Source: West Briton
"Rare images showing Cornish tin miners enduring treacherous conditions have surfaced.
The images were taken at Dolcoath mine in Camborne, East Pool in Redruth, Blue Hills in St Agnes and Cook’s Kitchen in Pool back in 1893.
The men can be seen drilling, climbing rickety ladders, propping up shafts with flimsy wooden poles and of course, tucking into pasties during a hard earned lunch break.
Photographer J.C Burrow’s, who was commissioned by Cornwall’s tin mine owners to showcase their technological advances, wrote an accompanying note stating his disappointment about how few of the images were of printable quality.
He said: “"It is a rather disheartening experience to find the results of a whole days work with an energetic band of helpers are not 'printable', but such experience was mine on more than one occasion.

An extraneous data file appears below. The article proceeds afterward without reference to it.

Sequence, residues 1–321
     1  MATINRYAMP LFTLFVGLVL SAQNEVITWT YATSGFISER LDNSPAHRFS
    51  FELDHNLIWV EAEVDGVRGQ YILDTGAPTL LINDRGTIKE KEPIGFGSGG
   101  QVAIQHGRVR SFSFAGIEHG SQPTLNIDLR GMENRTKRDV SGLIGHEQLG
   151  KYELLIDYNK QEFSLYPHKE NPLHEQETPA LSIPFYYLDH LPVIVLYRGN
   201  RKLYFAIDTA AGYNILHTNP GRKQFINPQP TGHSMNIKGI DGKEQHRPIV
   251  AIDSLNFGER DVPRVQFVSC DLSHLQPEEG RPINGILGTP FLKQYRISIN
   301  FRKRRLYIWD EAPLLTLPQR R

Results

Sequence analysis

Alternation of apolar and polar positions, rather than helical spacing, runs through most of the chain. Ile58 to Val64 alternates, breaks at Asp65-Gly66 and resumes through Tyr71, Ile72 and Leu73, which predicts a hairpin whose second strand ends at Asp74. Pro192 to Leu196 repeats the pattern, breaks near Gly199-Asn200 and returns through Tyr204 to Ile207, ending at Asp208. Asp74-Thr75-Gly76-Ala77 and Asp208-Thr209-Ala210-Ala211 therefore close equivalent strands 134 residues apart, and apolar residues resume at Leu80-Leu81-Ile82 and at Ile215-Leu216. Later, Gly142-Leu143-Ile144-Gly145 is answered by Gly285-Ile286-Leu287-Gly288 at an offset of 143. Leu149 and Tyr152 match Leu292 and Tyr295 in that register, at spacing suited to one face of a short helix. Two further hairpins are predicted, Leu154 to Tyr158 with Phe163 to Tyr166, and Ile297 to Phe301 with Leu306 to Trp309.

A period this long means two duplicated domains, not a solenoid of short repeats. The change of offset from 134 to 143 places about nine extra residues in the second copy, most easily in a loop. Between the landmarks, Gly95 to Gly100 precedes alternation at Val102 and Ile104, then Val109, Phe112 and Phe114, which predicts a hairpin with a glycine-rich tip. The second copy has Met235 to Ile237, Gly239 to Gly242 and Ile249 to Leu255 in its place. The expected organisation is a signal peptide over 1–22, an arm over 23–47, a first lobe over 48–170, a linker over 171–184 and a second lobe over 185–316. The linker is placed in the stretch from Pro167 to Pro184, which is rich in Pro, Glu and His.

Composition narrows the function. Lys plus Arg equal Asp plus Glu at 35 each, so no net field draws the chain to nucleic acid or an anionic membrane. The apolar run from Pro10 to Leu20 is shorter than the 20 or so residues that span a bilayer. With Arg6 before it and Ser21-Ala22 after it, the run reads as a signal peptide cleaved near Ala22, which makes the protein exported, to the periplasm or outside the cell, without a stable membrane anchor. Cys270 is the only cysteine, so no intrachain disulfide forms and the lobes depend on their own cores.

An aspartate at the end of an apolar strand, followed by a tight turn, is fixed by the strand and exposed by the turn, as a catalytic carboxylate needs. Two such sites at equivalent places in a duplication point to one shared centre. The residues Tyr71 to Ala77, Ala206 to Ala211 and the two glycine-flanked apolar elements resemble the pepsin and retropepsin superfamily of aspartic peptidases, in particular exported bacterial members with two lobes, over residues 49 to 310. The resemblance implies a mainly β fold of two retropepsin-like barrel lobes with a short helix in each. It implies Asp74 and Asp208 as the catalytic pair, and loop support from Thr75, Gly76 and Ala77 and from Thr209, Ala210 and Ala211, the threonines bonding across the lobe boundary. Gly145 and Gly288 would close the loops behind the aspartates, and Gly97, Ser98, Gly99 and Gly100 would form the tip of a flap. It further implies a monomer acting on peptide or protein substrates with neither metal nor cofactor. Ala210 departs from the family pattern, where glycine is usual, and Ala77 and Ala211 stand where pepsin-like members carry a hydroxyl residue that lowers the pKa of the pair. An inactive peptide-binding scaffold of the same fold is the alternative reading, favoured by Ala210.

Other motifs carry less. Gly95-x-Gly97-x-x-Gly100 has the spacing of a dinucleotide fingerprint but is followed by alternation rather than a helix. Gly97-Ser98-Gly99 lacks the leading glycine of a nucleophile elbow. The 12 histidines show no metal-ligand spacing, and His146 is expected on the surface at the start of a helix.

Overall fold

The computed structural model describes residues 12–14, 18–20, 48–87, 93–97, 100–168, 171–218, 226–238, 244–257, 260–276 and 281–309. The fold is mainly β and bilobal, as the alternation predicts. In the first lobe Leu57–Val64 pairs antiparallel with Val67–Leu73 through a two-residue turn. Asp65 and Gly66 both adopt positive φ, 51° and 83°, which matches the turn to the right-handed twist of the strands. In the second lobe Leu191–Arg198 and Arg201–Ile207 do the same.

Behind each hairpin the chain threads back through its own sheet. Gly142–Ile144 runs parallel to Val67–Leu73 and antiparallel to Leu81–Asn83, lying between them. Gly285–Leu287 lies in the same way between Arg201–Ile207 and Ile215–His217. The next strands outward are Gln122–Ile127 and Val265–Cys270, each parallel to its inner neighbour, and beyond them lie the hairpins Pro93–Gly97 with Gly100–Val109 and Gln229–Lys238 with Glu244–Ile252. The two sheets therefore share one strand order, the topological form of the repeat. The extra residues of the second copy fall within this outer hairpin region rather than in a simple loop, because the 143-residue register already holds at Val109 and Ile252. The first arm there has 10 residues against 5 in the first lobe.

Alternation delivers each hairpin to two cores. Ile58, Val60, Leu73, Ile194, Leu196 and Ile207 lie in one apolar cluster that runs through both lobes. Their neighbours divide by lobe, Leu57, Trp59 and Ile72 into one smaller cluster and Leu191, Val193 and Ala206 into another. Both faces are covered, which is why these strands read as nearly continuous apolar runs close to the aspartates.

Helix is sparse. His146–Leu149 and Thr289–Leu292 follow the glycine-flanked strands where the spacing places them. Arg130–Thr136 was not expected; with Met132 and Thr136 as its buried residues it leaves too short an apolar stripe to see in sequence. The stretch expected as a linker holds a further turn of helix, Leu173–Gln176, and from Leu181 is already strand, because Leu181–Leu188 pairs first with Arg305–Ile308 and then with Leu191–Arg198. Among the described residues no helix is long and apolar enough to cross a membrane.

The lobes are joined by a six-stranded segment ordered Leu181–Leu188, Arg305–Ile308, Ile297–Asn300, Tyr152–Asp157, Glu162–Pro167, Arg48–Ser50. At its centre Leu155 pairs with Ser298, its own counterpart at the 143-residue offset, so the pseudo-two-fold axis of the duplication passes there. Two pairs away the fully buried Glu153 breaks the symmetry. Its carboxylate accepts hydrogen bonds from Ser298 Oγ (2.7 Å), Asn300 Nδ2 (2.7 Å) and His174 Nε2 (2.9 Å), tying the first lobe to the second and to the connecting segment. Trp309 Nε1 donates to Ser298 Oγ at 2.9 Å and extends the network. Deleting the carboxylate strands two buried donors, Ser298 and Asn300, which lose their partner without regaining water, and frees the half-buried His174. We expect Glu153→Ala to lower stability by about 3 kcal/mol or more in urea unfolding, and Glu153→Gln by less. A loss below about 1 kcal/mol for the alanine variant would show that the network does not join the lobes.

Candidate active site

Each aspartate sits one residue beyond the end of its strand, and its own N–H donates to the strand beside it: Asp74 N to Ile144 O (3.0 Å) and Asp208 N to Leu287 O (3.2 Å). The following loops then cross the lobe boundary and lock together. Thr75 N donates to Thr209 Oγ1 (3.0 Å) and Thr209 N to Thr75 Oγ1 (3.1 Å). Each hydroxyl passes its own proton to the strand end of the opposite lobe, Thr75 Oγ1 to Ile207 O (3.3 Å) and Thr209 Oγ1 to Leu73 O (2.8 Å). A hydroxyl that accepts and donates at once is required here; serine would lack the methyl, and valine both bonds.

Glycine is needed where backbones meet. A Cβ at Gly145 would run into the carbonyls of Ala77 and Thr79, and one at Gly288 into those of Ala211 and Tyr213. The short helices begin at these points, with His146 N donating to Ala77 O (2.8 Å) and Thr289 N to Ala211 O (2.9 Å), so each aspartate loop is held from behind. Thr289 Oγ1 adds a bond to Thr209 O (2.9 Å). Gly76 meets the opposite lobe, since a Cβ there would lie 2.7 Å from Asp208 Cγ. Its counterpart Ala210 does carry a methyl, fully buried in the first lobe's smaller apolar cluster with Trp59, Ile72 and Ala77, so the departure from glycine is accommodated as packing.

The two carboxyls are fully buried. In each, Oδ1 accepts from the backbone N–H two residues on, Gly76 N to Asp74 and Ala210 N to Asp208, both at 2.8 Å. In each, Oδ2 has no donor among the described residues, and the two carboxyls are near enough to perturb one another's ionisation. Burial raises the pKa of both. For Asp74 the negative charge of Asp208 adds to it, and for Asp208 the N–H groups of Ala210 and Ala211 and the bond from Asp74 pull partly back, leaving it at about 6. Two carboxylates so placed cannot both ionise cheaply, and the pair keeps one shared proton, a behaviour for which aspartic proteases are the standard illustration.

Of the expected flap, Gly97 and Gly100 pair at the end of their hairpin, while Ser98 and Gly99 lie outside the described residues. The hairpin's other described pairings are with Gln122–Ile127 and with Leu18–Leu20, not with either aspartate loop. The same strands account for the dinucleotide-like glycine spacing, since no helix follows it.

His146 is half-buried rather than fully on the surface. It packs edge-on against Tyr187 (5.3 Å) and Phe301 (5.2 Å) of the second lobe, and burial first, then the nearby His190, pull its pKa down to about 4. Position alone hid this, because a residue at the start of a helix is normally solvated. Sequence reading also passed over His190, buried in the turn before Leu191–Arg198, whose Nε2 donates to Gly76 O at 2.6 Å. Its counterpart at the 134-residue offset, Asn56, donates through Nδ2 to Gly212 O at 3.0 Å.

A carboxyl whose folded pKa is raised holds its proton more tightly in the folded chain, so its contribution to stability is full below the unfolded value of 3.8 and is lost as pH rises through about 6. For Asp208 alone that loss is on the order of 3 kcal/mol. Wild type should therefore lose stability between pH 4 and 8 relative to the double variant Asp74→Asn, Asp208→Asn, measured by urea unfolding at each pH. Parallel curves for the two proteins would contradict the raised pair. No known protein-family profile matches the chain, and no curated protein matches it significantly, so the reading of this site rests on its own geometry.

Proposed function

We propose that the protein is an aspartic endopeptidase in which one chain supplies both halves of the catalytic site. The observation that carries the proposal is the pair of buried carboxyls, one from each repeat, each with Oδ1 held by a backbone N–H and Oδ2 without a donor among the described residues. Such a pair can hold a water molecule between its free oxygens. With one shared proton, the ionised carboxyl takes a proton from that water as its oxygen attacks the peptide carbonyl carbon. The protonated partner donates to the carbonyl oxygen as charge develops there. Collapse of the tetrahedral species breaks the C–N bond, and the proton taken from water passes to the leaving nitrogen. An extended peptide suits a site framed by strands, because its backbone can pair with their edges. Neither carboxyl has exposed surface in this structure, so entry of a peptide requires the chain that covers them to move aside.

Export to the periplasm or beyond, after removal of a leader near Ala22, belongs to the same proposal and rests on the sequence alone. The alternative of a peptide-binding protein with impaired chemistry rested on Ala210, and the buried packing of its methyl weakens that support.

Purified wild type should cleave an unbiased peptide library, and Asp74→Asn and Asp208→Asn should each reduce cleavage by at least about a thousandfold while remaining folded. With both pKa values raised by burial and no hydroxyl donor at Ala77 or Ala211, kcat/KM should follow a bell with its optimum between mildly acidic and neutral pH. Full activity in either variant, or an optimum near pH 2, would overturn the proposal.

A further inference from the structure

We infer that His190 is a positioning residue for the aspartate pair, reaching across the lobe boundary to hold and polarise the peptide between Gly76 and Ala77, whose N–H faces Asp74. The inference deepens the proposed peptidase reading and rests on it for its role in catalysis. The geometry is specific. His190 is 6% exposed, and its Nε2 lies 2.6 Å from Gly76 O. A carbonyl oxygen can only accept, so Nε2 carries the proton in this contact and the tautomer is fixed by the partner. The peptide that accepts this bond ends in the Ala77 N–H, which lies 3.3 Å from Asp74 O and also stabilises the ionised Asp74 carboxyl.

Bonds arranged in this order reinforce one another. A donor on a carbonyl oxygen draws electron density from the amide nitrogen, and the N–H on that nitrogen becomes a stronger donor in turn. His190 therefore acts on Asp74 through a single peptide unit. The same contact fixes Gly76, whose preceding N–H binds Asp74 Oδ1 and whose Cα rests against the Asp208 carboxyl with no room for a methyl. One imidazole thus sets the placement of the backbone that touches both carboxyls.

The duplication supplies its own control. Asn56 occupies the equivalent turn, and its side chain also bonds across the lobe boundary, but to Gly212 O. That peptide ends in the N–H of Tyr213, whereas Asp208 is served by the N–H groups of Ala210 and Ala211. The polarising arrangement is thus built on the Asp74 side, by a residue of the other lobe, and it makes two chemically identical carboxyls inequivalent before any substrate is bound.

"The work however is so full of interest, and its performance so productive of welcome enlightenment on many critical points, that I have no intention of allowing it to remain where it is.
"I hope that at no distant date, the present attempt may be followed by another and more successful one."
It is also believed that these photographs were some of the first images to have been snapped using flash photography.
Bookseller Michael Kemp said: "Mr Burrow was attempting to showcase the mining technology of his age, but in doing so he devised some pretty groundbreaking methods of his own.
"Using explosive materials in the open air would be challenging enough back in 1893, but to do it in the pitch dark confines of an underground mine shaft seems unthinkable.
"Evidently our late Victorian counterparts did not share our modern day obsession with health and safety."
A copy of Burrow's subsequent book is expected to fetch £2,250 at this year's PBFA London International Antiquarian Book Fair."
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